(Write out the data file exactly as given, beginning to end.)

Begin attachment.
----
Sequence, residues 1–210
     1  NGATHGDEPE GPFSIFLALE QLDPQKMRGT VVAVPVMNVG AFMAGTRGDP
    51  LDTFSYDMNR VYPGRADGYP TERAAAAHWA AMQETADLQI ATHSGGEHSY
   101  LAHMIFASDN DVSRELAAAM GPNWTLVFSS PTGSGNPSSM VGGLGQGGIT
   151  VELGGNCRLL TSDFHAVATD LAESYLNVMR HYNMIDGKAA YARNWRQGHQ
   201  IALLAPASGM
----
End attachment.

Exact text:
Sequence, residues 1–210
     1  NGATHGDEPE GPFSIFLALE QLDPQKMRGT VVAVPVMNVG AFMAGTRGDP
    51  LDTFSYDMNR VYPGRADGYP TERAAAAHWA AMQETADLQI ATHSGGEHSY
   101  LAHMIFASDN DVSRELAAAM GPNWTLVFSS PTGSGNPSSM VGGLGQGGIT
   151  VELGGNCRLL TSDFHAVATD LAESYLNVMR HYNMIDGKAA YARNWRQGHQ
   201  IALLAPASGM